Premiering on October 26 in the UK and Europe, Deliver Us is a documentary on exorcists in Italy trying to keep up with an increasing global demand for church-sanctioned exorcism.
The Telegraph‘s movie reviewer Rachel Ray gave Deliver Us 4 out of 5 stars. She writes:
While the Catholic Church keeps no central database for the number of people asking for exorcism or the number of times it is performed, Italians are reported to seek the Rite on a more regular basis than dental appointments….
In Rome and Milan, the number of church appointed priest-exorcists has grown from six to 12, and the Church has set up an emergency call centre. In the US, over the past decade, the number of priest-exorcists has more than quadrupled from 12 to 50. As noted American exorcist, Father Vincent Lampert of the Archdiocese of Indianapolis points out, it is not the Church that is increasing the demand for exorcists, it is people.
Father Lampert would be supported in that opinion by this film, which shows people travelling from across Sicily to [80-year-old Franciscan] Father Cataldo [Migliazzo]’s mass of liberation in Palermo every Tuesday, and for private sessions with the exorcist. But Father Cataldo will only admit so many people into the church on a given day and many are turned away.
During the service, people scream, moan, and cry. A young man writhes on the floor spitting. An elderly woman who is led out of the church seems to be speaking in tongues. Another woman screams: “I’ll take her to Hell!”
The dilemma that any exorcist faces is deciding whether a person’s condition is the result of psychological problems or demonic activity. This is discernment, the first step in the Rite of Exorcism and in the US at least might involve examination reports from a team of psychologists or psychiatrists. This grey area of mental versus spiritual is clearly what interests the film’s director, Federica Di Giacomo. She observes: “My first aim was to find stories for a film about obsessions, a sort of a journey through mental addictions.” Perhaps unbeknown to Miss Di Giacomo when she began the project was that obsession can be a form of demonic affliction.
The demonic-weary Father Cataldo conducts discernment in his own way. To the parents of a boy who spits at his teachers and makes fun of his father, the priest says he’s a good boy, calm, take him back to the psychologist. But for a woman who becomes increasingly agitated by the recitation of prayer, Father Cataldo tries to deliver her from Satan as she is held to the floor growling and screaming.
Another woman seems to be suffering from depression. And the priest listens patiently to a young man who believes his life-threatening bike accident may have been the result of his lapsed spiritual state. Regardless of what the exorcist thinks though, all of these sufferers seem to believe that church intervention can cure what ails them.
So many people want Father Cataldo’s services that he even conducts deliverance via mobile phone. But the documentary is not shallow. Miss Di Giacomo gives us a more in-depth look into cases that may be possession, attachment, vexation, or oppression – all varying degrees of demonic influence. A number of the film’s subjects have been having exorcisms on a routine basis over a period of years for their conditions.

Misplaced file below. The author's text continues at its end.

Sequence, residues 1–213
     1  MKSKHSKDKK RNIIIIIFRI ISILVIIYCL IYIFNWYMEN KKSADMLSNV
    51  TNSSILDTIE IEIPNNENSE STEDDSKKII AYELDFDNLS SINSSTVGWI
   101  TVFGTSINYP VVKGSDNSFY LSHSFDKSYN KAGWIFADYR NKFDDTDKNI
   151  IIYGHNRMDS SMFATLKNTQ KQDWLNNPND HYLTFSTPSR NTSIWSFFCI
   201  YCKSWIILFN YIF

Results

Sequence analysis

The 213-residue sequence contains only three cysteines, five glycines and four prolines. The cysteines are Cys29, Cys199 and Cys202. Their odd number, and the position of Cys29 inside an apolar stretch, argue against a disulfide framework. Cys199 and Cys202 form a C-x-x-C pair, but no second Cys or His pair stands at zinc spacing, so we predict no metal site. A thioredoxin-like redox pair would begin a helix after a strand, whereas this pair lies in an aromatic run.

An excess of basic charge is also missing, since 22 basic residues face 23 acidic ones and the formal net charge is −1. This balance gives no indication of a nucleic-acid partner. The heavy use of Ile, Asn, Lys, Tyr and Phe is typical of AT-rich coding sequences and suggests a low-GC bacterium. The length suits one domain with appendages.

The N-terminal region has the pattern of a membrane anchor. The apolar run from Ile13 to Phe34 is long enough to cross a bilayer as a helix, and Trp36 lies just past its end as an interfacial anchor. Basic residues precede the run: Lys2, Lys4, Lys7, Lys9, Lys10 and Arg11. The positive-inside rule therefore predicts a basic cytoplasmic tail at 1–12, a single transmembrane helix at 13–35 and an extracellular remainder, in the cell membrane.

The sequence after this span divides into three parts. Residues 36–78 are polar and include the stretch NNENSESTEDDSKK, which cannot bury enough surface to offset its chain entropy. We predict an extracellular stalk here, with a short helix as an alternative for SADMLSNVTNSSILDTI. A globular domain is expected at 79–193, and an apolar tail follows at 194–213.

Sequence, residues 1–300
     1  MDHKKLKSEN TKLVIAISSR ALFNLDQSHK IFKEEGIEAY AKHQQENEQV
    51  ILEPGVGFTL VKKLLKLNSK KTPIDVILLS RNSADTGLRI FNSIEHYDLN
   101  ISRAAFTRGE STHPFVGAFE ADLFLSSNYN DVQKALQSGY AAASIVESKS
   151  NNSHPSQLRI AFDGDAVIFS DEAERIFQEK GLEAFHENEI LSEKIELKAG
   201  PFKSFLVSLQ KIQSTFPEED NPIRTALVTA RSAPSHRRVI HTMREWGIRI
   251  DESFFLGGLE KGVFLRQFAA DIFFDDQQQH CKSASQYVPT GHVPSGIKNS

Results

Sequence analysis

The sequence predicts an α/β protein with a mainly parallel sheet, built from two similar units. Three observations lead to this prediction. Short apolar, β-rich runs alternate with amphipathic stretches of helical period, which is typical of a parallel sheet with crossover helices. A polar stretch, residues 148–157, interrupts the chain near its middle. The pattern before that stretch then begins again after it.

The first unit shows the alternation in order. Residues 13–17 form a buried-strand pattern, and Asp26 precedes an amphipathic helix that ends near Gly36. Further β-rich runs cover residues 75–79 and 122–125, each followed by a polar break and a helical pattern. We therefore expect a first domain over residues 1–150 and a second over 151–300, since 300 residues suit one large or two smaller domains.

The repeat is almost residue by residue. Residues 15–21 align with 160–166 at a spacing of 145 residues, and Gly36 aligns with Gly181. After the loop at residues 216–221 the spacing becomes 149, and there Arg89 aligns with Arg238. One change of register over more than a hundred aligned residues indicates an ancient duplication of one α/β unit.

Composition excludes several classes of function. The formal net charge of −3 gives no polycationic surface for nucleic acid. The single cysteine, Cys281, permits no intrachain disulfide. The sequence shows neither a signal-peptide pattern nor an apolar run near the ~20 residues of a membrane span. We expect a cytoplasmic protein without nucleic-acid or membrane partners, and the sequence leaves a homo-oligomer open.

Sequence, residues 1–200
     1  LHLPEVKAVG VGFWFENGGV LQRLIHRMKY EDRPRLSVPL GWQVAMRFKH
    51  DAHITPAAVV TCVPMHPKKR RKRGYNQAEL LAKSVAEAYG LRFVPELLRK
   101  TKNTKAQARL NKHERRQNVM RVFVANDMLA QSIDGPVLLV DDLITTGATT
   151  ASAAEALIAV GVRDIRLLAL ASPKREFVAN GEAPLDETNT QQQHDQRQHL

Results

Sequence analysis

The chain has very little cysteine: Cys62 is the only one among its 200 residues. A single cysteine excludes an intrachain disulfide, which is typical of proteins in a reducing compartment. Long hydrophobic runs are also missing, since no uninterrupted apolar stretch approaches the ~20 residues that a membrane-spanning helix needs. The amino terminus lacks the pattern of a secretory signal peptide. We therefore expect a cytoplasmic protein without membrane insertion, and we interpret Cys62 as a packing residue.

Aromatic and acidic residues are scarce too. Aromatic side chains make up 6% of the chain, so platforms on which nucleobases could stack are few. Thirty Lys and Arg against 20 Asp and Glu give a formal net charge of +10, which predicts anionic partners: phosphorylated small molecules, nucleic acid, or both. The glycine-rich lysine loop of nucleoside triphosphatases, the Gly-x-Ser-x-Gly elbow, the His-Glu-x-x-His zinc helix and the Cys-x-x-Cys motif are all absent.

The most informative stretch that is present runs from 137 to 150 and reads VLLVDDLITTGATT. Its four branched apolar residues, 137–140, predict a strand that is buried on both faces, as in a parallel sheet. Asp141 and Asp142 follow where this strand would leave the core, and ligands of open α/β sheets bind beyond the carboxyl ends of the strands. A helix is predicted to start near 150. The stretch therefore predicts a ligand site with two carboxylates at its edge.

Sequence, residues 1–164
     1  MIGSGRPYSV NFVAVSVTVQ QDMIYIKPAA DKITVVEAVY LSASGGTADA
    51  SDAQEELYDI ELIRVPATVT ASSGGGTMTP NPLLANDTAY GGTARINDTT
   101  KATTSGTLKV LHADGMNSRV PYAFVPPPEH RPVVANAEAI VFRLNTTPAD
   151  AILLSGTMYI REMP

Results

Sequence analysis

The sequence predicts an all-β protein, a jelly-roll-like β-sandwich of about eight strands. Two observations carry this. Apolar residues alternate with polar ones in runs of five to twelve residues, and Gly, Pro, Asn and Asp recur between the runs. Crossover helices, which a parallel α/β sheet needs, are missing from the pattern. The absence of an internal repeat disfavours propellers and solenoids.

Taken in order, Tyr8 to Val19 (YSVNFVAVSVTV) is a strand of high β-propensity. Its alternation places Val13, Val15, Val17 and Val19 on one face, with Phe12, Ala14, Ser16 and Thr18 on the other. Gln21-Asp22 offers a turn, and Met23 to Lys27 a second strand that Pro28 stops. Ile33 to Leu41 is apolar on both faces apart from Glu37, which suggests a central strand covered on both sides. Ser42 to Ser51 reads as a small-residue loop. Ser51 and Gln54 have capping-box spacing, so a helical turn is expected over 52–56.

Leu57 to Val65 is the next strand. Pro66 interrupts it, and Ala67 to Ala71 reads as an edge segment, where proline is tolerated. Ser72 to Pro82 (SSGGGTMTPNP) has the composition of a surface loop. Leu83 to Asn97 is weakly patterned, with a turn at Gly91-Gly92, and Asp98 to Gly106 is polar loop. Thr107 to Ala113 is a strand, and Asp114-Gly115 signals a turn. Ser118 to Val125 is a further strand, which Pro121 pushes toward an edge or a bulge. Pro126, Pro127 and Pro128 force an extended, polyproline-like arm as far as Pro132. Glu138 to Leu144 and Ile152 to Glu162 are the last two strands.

A young woman, Giulia, dabbles in the occult and consults mediums. She has great difficulty being in a church without screaming and acting out. As Father Cataldo prays with her, her eyes roll back, exposing the whites. She writhes on the church floor and screams at the priest “you’ll burn in hell with me”. But even after the exorcism seems to change her looks and demeanor, by the end of the film she still cannot give up the mediums and resists returning for more sessions in the church where she is visibly uncomfortable.
Two sisters relate a history of molestation and abuse from their mother’s boyfriend. Now, in middle age, one of the sisters cannot function normally and her marriage is failing. She growls and crawls under tables in the church as the exorcism proceeds. Like Giulia, her case is unresolved. An attractive middle-aged woman loses control of her limbs, falling down, when she enters a church. She can find no psychological or physical explanation from physicians after years of trying. And countless MRIs and other tests.
And perhaps one of the saddest cases is a young man in Palermo, addicted to cocaine, who is shunned by his family, and fears he will be committed to an institution without Father Cataldo’s help. Filmed in the nightspots of Palermo, he laments: “Society doesn’t let you get better or run away from certain things.”
One cannot help but be in sturdy, hard-working Father Cataldo’s corner in this spiritual fight. “Being an exorcist is an exhausting job,” he notes with resignation. Exorcist-priests are appointed by their Bishops often with little choice in whether to take on the job. And for viewers who have no spiritual beliefs, the question might be asked why these sufferers, in increasing numbers, are seeking relief from the Church.
Here’s a clip from the documentary. Pay special attention at the 0:42 mark.
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- Exorcists: Demon-possessed ‘can take on the look of a reptile or snake’
- Exorcist warns about ’50 Shades of Grey’
- Sunday Devotional: A Prayer for Exorcism